Urban populations are expanding rapidly around the globe, with an expected growth of 1.56 billion by 2040. As the number of people living and working in cities continues to grow, the ability to keep everyone safe is an increasing challenge. However, technology companies are developing products and solutions with these futuristic cities in mind, as the reality is closer than you may think. Solutions that can help to watch over public places and share data insights with city workers and officials are increasingly enabling smart cities to improve the experience and safety of the people who reside there. Rising scope of 5G, AI, IoT and the Cloud The main foundations that underpin smart cities are 5G, Artificial Intelligence (AI), and the Internet of Things (IoT) and the Cloud. Each is equally important, and together, these technologies enable city officials to gather and analyse more detailed insights than ever before. For public safety in particular, having IoT and cloud systems in place will be one of the biggest factors to improving the quality of life for citizens. Smart cities have come a long way in the last few decades, but to truly make a smart city safe, real-time situational awareness and cross-agency collaboration are key areas which must be developed as a priority. Innovative surveillance cameras with integrated IoT Public places need to be safe, whether that is an open park, shopping centre, or the main roads through towns Public places need to be safe, whether that is an open park, shopping centre, or the main roads through towns. From dangerous drivers to terrorist attacks, petty crime on the streets to high profile bank robberies, innovative surveillance cameras with integrated IoT and cloud technologies can go some way to helping respond quickly to, and in some cases even prevent, the most serious incidents. Many existing safety systems in cities rely on aging and in some places legacy technology, such as video surveillance cameras. Many of these also use on-premises systems rather than utilising the benefits of the cloud. Smart programming to deliver greater insights These issues, though not creating a major problem today, do make it more challenging for governments and councils to update their security. Changing every camera in a city is a huge undertaking, but in turn, doing so would enable all cameras to be connected to the cloud, and provide more detailed information which can be analysed by smart programming to deliver greater insights. The physical technologies that are currently present in most urban areas lack the intelligent connectivity, interoperability and integration interfaces that smart cities need. Adopting digital technologies isn’t a luxury, but a necessity. Smart surveillance systems It enables teams to gather data from multiple sources throughout the city in real-time, and be alerted to incidents as soon as they occur. Increased connectivity and collaboration ensures that all teams that need to be aware of a situation are informed instantly. For example, a smart surveillance system can identify when a road accident has occurred. It can not only alert the nearest ambulance to attend the scene, but also the local police force to dispatch officers. An advanced system that can implement road diversions could also close roads around the incident immediately and divert traffic to other routes, keeping everyone moving and avoiding a build-up of vehicles. This is just one example: without digital systems, analysing patterns of vehicle movements to address congestion issues could be compromised, as would the ability to build real-time crime maps and deploy data analytics which make predictive policing and more effective crowd management possible. Cloud-based technologies Cloud-based technologies provide the interoperability, scalability and automation Cloud-based technologies provide the interoperability, scalability and automation that is needed to overcome the limitations of traditional security systems. Using these, smart cities can develop a fully open systems architecture that delivers interoperation with both local and other remote open systems. The intelligence of cloud systems can not only continue to allow for greater insights as technology develops over time, but it can do so with minimal additional infrastructure investment. Smart surveillance in the real world Mexico City has a population of almost 9 million people, but if you include the whole metropolitan area, this number rises sharply to over 21 million in total, making it one of the largest cities on the planet. Seven years ago, the city first introduced its Safe City initiative, and ever since has been developing newer and smarter ways to keep its citizens safe. In particular, its cloud-based security initiative is making a huge impact. Over the past three years, Mexico City has installed 58,000 new video surveillance cameras throughout the city, in public spaces and on transport, all of which are connected to the City’s C5 (Command, Control, Computers, Communications and Citizen Contact) facility. Smart Cities operations The solution enables officers as well as the general public to upload videos via a mobile app to share information quickly, fixed, body-worn and vehicle cameras can also be integrated to provide exceptional insight into the city’s operations. The cloud-based platform can easily be upgraded to include the latest technology innovations such as licence plate reading, behavioural analysis software, video analytics and facial recognition software, which will all continue to bring down crime rates and boost response times to incidents. The right cloud approach Making the shift to cloud-based systems enables smart cities to eliminate dependence on fibre-optic connectivity and take advantage of a variety of Internet and wireless connectivity options that can significantly reduce application and communication infrastructure costs. Smart cities need to be effective in years to come, not just in the present day, or else officials have missed one of the key aspects of a truly smart city. System designers must build technology foundations now that can be easily adapted in the future to support new infrastructure as it becomes available. Open system architecture An open system architecture will also be vital for smart cities to enhance their operations For example, this could include opting for a true cloud application that can support cloud-managed local devices and automate their management. An open system architecture will also be vital for smart cities to enhance their operations and deliver additional value-add services to citizens as greater capabilities become possible in the years to come. The advances today in cloud and IoT technologies are rapid, and city officials and authorities have more options now to develop their smart cities than ever before and crucially, to use these innovations to improve public safety. New safety features Though implementing these cloud-based systems now requires investment, as new safety features are designed, there will be lower costs and challenges associated with introducing these because the basic infrastructure will already exist. Whether that’s gunshot detection or enabling the sharing of video infrastructure and data across multiple agencies in real time, smart video surveillance on cloud-based systems can bring a wealth of the new opportunities.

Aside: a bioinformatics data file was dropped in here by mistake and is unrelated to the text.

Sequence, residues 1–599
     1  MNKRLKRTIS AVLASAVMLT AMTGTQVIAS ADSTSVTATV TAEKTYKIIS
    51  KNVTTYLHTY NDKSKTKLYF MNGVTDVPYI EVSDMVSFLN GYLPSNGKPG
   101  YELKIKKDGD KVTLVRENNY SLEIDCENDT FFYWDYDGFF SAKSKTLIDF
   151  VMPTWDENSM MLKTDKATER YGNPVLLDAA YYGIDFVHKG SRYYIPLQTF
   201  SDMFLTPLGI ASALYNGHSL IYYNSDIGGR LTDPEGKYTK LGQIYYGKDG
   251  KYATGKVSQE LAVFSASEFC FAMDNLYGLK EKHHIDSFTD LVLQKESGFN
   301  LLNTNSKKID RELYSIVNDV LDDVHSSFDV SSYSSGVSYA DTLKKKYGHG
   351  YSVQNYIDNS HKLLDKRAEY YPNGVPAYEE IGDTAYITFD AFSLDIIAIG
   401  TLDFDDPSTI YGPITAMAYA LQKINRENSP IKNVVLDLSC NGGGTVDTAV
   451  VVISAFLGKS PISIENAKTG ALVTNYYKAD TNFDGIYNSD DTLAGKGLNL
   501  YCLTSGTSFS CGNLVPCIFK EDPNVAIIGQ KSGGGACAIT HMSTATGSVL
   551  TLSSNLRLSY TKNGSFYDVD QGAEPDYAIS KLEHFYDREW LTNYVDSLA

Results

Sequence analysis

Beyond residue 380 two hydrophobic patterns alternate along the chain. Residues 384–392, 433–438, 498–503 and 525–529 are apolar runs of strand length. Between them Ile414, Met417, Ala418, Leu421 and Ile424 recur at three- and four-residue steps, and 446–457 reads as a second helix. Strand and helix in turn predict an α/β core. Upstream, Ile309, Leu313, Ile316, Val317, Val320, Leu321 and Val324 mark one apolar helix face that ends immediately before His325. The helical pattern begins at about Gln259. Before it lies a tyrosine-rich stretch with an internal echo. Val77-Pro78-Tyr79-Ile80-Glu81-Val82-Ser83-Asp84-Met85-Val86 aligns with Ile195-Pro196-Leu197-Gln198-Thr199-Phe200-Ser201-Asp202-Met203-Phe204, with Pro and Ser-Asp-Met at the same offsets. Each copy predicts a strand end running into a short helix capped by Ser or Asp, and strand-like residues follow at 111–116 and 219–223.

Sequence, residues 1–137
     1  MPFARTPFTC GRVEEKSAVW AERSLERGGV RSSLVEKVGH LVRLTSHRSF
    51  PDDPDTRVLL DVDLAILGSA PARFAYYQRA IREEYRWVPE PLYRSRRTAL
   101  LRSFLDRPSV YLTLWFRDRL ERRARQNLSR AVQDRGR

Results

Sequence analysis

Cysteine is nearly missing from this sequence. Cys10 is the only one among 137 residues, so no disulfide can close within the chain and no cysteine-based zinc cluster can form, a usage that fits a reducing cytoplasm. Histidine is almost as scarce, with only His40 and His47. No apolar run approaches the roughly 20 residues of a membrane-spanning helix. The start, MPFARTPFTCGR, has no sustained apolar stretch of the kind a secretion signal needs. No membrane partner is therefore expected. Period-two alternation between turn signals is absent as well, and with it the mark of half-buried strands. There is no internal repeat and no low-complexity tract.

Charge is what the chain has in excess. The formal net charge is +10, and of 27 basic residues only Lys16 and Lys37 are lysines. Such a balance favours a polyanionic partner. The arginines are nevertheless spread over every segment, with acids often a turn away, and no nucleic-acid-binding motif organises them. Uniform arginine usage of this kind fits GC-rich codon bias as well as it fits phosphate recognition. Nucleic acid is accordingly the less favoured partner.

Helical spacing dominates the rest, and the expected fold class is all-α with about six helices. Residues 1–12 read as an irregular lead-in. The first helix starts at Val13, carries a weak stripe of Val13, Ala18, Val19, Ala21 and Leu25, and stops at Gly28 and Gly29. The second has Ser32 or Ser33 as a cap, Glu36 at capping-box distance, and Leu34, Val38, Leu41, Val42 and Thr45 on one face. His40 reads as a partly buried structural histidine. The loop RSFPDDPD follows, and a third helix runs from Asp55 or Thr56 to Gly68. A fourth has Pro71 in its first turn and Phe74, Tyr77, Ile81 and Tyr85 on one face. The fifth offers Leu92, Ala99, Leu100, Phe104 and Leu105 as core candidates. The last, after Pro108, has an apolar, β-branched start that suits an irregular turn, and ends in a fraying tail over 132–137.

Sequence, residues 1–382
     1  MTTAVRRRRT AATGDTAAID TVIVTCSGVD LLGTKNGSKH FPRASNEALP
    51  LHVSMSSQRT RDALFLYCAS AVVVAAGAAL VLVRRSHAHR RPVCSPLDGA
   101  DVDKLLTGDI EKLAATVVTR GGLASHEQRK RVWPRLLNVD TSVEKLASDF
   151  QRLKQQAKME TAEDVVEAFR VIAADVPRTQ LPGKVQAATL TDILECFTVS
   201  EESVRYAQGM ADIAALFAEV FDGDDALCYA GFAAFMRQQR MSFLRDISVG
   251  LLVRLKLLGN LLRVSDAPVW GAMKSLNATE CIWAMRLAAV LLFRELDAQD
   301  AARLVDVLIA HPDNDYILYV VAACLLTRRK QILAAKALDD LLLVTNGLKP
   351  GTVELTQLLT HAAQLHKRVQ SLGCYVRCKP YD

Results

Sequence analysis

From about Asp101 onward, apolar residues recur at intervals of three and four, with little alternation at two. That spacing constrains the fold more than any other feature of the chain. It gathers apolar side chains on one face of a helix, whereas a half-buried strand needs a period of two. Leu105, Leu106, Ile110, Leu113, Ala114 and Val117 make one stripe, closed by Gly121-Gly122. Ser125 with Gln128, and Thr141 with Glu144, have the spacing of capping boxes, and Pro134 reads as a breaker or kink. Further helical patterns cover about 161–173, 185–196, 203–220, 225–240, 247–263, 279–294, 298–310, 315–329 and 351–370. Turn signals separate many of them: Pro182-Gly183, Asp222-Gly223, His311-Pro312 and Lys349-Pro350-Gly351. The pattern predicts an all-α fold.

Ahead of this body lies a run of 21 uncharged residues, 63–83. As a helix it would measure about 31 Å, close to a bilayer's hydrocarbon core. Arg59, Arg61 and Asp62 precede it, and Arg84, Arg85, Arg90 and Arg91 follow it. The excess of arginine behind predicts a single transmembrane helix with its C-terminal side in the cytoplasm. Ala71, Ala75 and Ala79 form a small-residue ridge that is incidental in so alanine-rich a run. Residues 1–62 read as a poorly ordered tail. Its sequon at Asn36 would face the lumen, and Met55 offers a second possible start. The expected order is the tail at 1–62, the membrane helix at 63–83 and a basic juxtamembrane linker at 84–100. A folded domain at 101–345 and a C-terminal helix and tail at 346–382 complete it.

Securing mobile vehicles: The cloud and solving transportation industry challenges